The conglomerate is, at the behest of the government, developing software that will decipher accents and automatically transcribe what’s said for air traffic controllers.
With more than 100 languages and the ambition to connect even its smallest villages by air, India has become a testing ground for a new software being developed by Honeywell International Inc. that aims to make it easier to understand pilots speaking English with strong local accents. The conglomerate is, at the behest of the government, developing software that will decipher accents and automatically transcribe what’s said for air traffic controllers.
The move will enhance safety at a time when Prime Minister Narendra Modi’s push to add smaller airports to the world’s fastest-growing major market has increased the demand for pilots who could be speaking in a thick accent, thanks to more than 6,000-old dialects spoken across the country. “One of the biggest problems in India has been that we Indians don’t understand each other’s English because of the dialects,” Neelu Khatri, who heads Honeywell International Inc.’s aerospace business in the South Asian nation, said in an interview in New Delhi.
“This, we thought, works very well for the regional connectivity scheme, because you have regional pilots coming in, people don’t know what he said and what he understood.” Miscommunication between air traffic controllers and pilots is a safety threat globally. A fatal 1996 crash between a Saudi Boeing 747 and the Kazakh Ilyushin-76 near New Delhi, which killed 349, was primarily blamed on a language barrier, involving pilots whose first language wasn’t English.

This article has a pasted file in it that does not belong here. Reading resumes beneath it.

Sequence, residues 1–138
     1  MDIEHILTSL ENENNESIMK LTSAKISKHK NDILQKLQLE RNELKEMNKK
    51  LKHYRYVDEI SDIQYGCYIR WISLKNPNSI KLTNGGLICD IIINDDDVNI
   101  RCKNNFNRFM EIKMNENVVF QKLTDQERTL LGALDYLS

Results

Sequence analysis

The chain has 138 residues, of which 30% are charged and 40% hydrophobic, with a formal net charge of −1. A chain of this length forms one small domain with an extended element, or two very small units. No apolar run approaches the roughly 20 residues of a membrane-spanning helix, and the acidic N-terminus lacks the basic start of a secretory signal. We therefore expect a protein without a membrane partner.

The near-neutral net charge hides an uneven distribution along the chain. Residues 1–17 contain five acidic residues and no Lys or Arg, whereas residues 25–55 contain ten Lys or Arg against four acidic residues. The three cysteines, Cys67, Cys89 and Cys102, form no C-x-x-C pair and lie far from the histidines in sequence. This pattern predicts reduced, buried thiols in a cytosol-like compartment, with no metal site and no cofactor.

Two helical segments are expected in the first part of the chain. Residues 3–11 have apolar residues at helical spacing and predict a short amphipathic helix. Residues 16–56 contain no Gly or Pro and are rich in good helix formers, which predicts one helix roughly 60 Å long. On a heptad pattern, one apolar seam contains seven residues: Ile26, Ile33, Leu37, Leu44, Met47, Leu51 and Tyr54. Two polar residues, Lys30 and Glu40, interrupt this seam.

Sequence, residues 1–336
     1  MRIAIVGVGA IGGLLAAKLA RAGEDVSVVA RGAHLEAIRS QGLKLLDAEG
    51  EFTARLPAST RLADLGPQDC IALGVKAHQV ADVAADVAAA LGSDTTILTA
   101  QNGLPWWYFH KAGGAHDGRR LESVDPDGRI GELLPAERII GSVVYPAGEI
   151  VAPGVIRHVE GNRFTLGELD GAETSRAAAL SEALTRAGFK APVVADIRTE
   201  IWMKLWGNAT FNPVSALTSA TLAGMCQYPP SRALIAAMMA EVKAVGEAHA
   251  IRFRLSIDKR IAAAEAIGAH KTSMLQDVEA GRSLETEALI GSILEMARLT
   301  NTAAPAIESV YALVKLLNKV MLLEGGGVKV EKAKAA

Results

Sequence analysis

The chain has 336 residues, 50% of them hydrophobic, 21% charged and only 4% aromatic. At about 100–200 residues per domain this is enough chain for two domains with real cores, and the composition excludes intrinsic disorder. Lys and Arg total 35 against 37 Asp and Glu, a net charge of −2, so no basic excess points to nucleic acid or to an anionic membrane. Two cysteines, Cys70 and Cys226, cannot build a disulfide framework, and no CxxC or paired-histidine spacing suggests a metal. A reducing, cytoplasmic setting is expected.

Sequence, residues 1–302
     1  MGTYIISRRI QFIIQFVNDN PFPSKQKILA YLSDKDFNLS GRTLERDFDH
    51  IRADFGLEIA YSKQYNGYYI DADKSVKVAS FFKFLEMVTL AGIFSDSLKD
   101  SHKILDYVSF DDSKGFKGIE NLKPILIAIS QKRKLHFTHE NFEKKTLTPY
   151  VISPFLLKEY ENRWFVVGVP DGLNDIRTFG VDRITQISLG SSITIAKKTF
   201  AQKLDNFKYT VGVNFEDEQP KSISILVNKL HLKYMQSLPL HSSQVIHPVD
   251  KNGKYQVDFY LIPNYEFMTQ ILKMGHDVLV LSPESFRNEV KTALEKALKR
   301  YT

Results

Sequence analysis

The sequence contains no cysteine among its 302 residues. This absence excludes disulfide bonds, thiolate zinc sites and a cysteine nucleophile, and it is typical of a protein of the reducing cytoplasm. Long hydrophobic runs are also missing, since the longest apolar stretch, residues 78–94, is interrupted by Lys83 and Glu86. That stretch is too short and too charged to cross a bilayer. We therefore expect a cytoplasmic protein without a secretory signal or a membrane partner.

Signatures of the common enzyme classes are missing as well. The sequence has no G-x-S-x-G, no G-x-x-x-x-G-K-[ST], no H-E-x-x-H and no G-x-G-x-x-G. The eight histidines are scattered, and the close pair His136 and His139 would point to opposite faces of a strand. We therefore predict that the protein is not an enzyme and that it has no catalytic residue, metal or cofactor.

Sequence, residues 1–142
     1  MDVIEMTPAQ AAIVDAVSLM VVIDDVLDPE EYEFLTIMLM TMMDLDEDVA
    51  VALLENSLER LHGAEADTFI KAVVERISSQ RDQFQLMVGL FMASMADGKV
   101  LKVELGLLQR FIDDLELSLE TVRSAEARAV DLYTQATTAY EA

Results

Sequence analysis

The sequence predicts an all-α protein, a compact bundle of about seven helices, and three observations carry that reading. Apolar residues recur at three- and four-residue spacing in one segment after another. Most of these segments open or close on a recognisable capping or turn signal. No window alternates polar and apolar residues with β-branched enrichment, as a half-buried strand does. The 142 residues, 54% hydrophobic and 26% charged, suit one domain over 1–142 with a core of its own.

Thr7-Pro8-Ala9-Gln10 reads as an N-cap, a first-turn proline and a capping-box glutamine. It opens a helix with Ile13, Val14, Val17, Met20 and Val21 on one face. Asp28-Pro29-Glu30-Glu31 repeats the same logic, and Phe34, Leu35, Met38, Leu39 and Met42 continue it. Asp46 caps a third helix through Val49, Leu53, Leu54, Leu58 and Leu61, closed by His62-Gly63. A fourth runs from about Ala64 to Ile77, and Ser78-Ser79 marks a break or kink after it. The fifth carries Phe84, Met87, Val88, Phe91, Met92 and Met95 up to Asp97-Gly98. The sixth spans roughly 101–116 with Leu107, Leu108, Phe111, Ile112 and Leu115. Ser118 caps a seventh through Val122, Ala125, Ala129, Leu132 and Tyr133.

While the project is first being implemented in India, Honeywell sees scope to expand the offering to other parts of the world, Khatri said, without giving further details. The company’s engineering prowess in India allows it to customize products that cater to local needs, rather than push solutions from its global portfolio. The Morris Plains, New Jersey-based firm employs more than 3,000 engineers in India, with centers in southern Indian cities of Hyderabad, Bengaluru and Madurai. It is working on the transcription project with state-run Airports Authority of India, Khatri said. A spokesman for AAI, which manages about 125 airports, said he wasn’t aware of the development.
Air traffic in India is surging, helped by an increasing middle-class with enough disposable income to fly for the first time. Adding to that traffic is the so-called regional connectivity scheme, abbreviated in Hindi as Udan, under which the government subsidizes some airline losses if they fly to remote areas, while capping airfares on those routes. The rural connectivity scheme has already seen success with new flights to dozens of unused or under-utilized airports. Before it began, only one in every six of India’s 450 airports or airstrips was in regular commercial use.
“Just wait for the Udan scheme to be completely successful,” Vikas Chadha, Honeywell’s India CEO, said in the same interview. “I can sense three years down the line, even smallest of the cities will be connected, and air force stations will be connected.”